Kṛṣṇa Himself explains the forms of the living entities in the Second Chapter of Bhagavad-gītā, where He clearly says to Arjuna that He, Arjuna and all other living entities, who were previously in their original forms, are separate individual identities. They were individuals in the past, they are now situated in individuality, and in the future they will all continue to maintain their individual forms. The only difference is that the conditioned living entity appears in various material forms, whereas Kṛṣṇa appears in His original, spiritual form. Unfortunately, those who are not advanced in spiritual knowledge think that Kṛṣṇa is like one of them and that His form is like their material forms. Avajānanti māṁ mūḍhā mānuṣīṁ tanum āśritam (Bg. 9.11). Kṛṣṇa is never puffed up by material knowledge and is therefore called acyuta, whereas the living entities fall down and are agitated by material nature. This is the difference between the Supreme Lord and the living entities.
In this connection it is to be noted that Vasudeva, who was situated in a transcendental position, advised Kaṁsa not to commit further sinful activities. Kaṁsa, a representative of the demons, was always ready to kill Kṛṣṇa, or God, whereas Vasudeva represents a transcendentally situated person to whom Kṛṣṇa is born (Vāsudeva is the son of Vasudeva). Vasudeva wanted his brother-in-law Kaṁsa to refrain from the sinful act of killing his sister, since the result of being agitated by material nature would be that Kaṁsa would have to accept a body in which to suffer again and again. Elsewhere in Śrīmad-Bhāgavatam (5.5.4), Ṛṣabhadeva also says:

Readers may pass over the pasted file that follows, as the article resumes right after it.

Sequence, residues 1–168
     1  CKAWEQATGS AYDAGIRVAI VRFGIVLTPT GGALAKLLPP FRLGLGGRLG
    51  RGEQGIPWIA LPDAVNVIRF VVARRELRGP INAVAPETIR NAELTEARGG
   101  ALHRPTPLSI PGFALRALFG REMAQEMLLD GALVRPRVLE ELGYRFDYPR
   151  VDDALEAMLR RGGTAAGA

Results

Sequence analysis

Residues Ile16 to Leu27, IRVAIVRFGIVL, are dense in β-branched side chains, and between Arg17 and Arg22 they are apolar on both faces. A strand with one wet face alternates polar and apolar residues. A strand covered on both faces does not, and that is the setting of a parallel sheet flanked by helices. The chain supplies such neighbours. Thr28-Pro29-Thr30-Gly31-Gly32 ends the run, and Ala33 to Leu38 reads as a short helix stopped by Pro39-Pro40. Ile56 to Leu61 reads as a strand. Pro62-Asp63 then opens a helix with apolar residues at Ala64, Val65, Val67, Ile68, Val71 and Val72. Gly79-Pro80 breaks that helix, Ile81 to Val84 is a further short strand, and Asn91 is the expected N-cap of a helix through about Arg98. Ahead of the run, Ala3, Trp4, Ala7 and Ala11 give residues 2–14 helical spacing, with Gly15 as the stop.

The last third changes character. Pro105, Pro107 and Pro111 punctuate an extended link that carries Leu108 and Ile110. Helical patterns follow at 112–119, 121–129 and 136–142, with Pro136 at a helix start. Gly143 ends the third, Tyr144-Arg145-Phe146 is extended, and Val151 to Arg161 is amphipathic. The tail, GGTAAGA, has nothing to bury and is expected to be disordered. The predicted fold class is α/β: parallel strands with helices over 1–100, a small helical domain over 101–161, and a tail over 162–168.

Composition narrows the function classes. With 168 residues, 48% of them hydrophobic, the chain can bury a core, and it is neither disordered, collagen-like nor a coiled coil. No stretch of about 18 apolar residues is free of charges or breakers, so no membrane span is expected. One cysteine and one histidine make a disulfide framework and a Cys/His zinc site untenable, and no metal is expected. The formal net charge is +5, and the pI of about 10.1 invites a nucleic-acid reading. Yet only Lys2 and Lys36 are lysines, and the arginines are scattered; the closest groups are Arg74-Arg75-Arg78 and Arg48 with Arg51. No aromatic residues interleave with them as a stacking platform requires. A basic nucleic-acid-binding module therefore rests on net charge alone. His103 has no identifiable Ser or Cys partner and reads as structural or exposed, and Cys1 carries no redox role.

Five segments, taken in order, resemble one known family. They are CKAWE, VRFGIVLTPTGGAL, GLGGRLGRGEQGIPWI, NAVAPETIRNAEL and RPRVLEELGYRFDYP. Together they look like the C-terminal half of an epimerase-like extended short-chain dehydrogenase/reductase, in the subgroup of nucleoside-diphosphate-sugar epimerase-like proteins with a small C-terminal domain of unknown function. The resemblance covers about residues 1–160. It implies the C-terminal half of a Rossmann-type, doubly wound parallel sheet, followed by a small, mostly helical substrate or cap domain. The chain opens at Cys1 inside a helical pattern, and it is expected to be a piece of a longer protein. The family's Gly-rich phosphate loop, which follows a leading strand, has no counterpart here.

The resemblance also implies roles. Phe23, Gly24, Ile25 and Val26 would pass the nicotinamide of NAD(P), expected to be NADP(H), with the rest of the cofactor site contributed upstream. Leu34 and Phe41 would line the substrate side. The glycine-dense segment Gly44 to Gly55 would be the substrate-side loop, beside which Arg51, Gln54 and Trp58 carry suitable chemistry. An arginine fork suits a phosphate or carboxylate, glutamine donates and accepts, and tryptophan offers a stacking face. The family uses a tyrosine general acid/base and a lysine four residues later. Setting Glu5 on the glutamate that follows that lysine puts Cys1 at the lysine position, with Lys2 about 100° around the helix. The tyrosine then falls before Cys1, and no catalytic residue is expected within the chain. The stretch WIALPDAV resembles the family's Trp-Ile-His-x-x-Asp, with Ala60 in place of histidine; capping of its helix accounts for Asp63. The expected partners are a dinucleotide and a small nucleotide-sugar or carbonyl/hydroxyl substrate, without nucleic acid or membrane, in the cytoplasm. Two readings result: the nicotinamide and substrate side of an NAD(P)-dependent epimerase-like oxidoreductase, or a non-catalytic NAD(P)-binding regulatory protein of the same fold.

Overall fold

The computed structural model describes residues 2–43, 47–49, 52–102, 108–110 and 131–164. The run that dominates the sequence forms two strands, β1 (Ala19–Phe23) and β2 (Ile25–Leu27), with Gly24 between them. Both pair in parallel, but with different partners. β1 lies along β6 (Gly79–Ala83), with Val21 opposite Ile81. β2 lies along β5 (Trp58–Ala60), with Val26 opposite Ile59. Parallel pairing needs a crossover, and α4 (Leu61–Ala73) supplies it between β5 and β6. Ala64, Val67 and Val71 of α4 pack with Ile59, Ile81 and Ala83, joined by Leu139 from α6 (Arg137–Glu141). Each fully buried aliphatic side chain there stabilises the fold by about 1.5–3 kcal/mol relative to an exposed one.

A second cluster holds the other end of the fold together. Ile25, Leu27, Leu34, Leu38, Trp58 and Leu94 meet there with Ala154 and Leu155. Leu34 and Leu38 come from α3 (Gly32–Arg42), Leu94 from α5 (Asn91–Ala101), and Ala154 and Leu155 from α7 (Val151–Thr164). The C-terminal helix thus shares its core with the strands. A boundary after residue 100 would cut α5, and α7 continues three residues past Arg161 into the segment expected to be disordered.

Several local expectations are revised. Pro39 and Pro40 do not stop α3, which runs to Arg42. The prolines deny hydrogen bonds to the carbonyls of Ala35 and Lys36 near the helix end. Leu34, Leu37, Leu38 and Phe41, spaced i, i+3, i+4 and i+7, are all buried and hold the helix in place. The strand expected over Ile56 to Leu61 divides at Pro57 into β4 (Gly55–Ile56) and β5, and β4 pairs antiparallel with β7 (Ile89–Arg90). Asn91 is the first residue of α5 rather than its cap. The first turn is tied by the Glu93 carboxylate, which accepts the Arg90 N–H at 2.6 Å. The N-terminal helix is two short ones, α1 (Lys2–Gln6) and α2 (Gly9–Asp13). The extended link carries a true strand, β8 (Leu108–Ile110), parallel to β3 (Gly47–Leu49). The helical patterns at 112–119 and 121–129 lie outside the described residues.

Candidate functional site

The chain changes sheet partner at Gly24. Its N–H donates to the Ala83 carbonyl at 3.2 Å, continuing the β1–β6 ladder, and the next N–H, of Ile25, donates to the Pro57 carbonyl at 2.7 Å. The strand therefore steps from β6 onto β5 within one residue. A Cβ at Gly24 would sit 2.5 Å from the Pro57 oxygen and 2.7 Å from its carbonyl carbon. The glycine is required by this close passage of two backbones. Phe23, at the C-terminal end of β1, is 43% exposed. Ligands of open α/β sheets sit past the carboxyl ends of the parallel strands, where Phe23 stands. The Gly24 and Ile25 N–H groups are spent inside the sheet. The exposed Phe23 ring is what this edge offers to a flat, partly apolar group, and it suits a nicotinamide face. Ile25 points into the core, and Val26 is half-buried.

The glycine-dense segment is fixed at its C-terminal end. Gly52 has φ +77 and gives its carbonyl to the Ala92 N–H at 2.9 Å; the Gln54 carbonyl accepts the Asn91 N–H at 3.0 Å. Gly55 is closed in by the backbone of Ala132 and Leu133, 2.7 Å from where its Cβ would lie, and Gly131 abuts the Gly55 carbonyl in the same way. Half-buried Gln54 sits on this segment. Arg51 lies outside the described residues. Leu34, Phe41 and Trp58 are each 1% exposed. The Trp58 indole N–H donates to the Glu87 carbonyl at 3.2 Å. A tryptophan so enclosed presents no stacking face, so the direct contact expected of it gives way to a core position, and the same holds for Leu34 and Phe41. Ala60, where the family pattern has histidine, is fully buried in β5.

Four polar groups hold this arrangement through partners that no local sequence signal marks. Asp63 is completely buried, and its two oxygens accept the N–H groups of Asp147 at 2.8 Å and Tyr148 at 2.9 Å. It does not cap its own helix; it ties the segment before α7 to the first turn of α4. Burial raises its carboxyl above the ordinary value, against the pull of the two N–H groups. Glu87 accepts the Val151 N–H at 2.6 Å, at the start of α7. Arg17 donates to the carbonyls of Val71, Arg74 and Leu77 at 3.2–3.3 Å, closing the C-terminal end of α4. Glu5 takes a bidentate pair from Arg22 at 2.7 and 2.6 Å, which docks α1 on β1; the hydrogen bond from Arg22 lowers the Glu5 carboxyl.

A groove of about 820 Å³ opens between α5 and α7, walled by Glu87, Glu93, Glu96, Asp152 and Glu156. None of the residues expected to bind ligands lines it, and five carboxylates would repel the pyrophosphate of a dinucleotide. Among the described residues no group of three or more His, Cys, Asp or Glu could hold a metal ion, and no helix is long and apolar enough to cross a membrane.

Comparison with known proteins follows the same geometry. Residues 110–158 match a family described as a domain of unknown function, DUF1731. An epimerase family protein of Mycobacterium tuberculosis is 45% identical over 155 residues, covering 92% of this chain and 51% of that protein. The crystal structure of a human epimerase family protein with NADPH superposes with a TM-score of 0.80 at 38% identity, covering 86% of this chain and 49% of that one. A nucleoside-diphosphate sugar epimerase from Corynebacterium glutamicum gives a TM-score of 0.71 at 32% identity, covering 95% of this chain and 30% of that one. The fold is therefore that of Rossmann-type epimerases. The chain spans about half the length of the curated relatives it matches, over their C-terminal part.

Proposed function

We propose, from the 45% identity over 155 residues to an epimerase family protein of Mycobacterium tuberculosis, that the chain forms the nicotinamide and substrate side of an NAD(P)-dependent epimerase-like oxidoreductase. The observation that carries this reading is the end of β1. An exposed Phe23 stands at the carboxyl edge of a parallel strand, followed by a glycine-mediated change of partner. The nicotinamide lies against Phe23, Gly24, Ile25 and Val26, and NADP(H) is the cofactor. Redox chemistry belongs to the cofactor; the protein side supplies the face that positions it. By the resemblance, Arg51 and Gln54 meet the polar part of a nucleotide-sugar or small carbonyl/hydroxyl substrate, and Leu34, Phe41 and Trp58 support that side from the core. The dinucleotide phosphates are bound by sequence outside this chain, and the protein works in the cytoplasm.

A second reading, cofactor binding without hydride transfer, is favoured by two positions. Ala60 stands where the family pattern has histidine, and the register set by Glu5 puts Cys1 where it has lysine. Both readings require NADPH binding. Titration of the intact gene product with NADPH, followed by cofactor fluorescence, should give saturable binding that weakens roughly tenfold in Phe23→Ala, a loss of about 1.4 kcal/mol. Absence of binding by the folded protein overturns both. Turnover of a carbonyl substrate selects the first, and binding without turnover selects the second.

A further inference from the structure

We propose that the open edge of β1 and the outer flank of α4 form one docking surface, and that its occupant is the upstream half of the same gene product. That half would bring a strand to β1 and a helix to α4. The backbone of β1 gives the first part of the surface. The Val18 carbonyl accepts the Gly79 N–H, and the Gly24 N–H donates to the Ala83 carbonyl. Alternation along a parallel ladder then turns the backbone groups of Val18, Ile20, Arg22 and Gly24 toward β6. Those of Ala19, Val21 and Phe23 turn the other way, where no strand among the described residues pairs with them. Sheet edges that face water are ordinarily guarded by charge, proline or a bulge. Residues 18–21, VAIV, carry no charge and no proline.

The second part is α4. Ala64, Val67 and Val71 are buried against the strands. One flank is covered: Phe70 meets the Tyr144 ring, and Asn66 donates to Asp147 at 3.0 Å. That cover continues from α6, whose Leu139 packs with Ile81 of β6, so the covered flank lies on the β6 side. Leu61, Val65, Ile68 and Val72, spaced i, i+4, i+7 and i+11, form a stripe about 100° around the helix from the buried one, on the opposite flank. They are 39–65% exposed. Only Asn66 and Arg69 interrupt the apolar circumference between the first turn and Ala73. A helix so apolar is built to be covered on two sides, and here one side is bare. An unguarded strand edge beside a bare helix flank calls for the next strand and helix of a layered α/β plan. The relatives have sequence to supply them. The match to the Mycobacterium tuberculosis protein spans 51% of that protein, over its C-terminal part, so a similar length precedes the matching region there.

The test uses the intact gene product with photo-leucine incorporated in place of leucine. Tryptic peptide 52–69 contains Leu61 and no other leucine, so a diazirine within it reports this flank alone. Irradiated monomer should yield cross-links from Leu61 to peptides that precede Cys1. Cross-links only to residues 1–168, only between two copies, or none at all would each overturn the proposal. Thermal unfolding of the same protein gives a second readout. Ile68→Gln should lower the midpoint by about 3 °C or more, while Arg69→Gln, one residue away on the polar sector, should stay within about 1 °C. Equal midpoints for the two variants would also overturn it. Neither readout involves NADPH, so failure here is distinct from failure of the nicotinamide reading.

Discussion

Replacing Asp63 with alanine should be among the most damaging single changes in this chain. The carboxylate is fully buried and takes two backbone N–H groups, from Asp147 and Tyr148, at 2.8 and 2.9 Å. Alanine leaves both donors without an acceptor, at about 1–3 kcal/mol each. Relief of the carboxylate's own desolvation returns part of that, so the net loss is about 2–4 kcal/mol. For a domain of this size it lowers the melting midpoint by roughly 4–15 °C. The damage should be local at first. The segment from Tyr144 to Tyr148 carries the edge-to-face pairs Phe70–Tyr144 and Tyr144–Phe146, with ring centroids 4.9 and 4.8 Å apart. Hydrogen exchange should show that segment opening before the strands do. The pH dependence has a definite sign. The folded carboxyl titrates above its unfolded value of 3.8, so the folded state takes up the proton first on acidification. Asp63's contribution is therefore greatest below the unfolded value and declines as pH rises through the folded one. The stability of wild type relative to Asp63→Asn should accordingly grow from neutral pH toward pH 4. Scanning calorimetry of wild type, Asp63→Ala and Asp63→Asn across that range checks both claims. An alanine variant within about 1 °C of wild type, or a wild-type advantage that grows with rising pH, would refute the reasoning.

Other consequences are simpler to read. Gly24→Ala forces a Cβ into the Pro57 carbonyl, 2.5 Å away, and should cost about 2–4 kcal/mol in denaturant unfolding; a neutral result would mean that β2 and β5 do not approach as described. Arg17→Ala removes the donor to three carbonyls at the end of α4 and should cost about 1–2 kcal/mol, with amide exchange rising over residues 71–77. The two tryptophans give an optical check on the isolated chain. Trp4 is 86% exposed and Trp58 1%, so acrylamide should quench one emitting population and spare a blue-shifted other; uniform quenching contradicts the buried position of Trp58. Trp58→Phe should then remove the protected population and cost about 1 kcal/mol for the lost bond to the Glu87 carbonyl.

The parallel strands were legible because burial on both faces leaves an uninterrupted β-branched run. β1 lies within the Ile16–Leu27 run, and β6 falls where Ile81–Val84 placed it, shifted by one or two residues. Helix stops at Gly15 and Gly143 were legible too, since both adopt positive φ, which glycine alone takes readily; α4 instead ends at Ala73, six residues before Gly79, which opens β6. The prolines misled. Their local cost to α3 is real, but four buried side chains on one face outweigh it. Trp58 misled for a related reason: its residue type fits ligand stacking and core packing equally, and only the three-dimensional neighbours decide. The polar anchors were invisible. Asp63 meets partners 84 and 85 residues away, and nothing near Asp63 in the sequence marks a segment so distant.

As long as the living entity is entangled in the fruitive activities of so-called happiness and distress, he will receive a particular type of body in which to endure the three kinds of suffering due to material nature (tri-tāpa-yantraṇā). An intelligent person, therefore, must free himself from the influence of the three modes of material nature and revive his original, spiritual body by engaging in the service of the Supreme Person, Kṛṣṇa. As long as one is materially attached, one must accept the process of birth, death, old age and disease. One is therefore advised that an intelligent person, instead of being entangled in so-called good and bad fruitive activities, should engage his life in advancing in Kṛṣṇa consciousness so that instead of accepting another material body (tyaktvā dehaṁ punar janma naiti [Bg. 4.9]), he will return home, back to Godhead.